The loss of sensations in the genital area often associated with multiple sclerosis can also affect the quality of orgasms. Thus, men with multiple sclerosis often find that orgasms are no longer as pleasurable as they used to be.
Sexual arousal doesn’t happen without the brain’s go signal. This is one of the reasons why patients with multiple sclerosis often suffer from decreased libido. Since the brain and the sexual organs are no longer able to communicate properly with each other, the brain is unable to tell your penis that you should feel aroused.
In addition, any sexual stimulation may go to waste as signals from the sensory nerves going to the brain may get lost in transmission. Aside from this, the fact that a multiple sclerosis patient suffers from various symptoms such as fatigue can also distract the brain away from all thoughts about sex.
Aside from fatigue, patients with multiple sclerosis also often experience visual disturbances as the optic nerve is affected by the disease. Difficulties with balance and bodily coordination also happen frequently.
The patient may experience changes in his body image or may develop sexual performance anxiety because of the disability caused by multiple sclerosis. Cognitive functions such as memory are also impaired. All of these factors contribute to the loss of sexual desire as the patient is preoccupied with dealing with these symptoms.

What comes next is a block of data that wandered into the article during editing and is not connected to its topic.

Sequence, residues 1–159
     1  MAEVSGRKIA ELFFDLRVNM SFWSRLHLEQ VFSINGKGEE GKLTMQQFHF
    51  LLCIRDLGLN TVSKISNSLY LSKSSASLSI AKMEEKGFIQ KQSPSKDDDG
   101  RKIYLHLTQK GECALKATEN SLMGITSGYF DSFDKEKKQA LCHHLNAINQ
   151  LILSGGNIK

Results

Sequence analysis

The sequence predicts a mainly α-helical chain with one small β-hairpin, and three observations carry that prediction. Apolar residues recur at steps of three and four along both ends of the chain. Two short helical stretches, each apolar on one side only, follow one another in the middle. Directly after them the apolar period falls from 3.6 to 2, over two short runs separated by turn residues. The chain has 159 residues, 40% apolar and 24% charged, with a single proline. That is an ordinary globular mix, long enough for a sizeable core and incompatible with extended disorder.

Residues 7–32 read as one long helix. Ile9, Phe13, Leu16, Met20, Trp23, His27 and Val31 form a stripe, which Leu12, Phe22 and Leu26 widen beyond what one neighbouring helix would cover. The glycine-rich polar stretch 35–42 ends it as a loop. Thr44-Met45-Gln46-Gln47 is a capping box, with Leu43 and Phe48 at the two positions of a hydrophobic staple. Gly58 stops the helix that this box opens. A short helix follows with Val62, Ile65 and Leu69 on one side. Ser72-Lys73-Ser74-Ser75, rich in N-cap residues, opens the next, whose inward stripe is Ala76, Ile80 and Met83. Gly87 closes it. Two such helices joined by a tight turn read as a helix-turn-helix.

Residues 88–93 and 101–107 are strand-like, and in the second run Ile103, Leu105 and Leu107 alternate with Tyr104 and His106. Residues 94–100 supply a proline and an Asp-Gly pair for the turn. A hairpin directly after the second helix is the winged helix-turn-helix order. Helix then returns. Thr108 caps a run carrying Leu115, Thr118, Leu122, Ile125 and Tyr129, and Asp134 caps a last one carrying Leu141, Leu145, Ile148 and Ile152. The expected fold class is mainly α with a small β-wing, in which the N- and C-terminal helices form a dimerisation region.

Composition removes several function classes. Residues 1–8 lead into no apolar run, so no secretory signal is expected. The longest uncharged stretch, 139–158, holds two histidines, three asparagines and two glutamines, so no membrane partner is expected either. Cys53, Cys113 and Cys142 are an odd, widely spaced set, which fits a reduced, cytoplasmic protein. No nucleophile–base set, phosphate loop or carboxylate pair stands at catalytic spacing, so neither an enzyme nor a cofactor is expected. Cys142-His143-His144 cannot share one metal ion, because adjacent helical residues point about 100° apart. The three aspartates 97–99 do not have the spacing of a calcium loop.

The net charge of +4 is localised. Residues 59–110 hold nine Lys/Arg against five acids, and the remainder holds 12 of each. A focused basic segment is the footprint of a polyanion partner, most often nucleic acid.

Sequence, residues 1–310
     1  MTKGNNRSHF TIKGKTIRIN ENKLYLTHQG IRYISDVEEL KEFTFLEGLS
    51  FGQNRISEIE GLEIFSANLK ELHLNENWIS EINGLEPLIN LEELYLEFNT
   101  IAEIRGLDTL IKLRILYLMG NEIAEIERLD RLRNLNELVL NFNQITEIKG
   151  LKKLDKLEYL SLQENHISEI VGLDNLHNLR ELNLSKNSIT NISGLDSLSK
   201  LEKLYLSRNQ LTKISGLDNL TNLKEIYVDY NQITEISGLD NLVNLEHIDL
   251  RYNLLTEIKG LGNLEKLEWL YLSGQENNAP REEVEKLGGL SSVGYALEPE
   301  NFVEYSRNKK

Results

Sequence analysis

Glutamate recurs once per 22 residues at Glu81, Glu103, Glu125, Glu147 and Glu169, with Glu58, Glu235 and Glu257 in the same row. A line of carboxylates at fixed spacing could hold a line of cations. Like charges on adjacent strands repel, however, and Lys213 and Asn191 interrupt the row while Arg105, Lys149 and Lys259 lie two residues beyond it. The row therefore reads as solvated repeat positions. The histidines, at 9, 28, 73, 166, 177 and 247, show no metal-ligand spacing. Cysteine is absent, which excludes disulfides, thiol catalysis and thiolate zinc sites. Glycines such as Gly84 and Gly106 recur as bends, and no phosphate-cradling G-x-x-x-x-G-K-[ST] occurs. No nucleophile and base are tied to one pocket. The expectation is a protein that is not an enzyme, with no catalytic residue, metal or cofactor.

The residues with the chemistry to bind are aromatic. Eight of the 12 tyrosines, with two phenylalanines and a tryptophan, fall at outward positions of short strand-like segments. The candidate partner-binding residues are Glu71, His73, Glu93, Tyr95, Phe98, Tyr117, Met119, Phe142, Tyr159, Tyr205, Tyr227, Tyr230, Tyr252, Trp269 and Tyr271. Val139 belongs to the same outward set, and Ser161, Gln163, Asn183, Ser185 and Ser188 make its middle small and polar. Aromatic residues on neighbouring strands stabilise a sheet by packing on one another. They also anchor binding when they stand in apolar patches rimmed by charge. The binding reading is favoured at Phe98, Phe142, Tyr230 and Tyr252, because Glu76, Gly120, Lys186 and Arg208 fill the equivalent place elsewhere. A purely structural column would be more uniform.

There are three general categories of sexual dysfunction based on the cause of the condition. Primary sexual dysfunction occurs when sexual feelings and responses are directly affected because the nerves in the central nervous system are damaged.
The second type happens when sexual responses are indirectly affected by physical changes in the body. Tertiary sexual dysfunction, on the other hand, occurs when psychosocial issues affect sexual function.
The problem with multiple sclerosis is that the disease can cause all three types of sexual dysfunction to occur simultaneously, hence making sexual dysfunction difficult to treat. For instance, a man suffering from multiple sclerosis may develop erectile dysfunction due to nerve damage affecting the genital area. That’s primary sexual dysfunction at work.
However, the fatigue, pain, muscle spasms, bowel dysfunction, and vision problems can also cause a man to lose his erectile capabilities. That’s an example of secondary sexual dysfunction.
And lastly, the depression induced by the neurological damage that is often experienced by men with multiple sclerosis can also contribute to the loss of erectile function. That’s how tertiary sexual dysfunction works.
Thus, to treat the erectile dysfunction, all three causes must also be addressed. This does not mean, however, that treatment of impotence in male sclerotic patients is not possible. Many multiple sclerotic patients are able to overcome their sexual dysfunction.
Most of the time, however, a combination of therapies will be needed. For instance, phosphodiesterase type 5 inhibitors (PDE5I) such as Viagra may be prescribed along with hormone therapy and psychotherapy.
For male patients who are concerned by the loss of their erectile functions, penile implants, inflatable devices, and injectable erectile dysfunction medications may also help. For men suffering from loss of penile sensations, vibratory stimulation can help in achieving erections.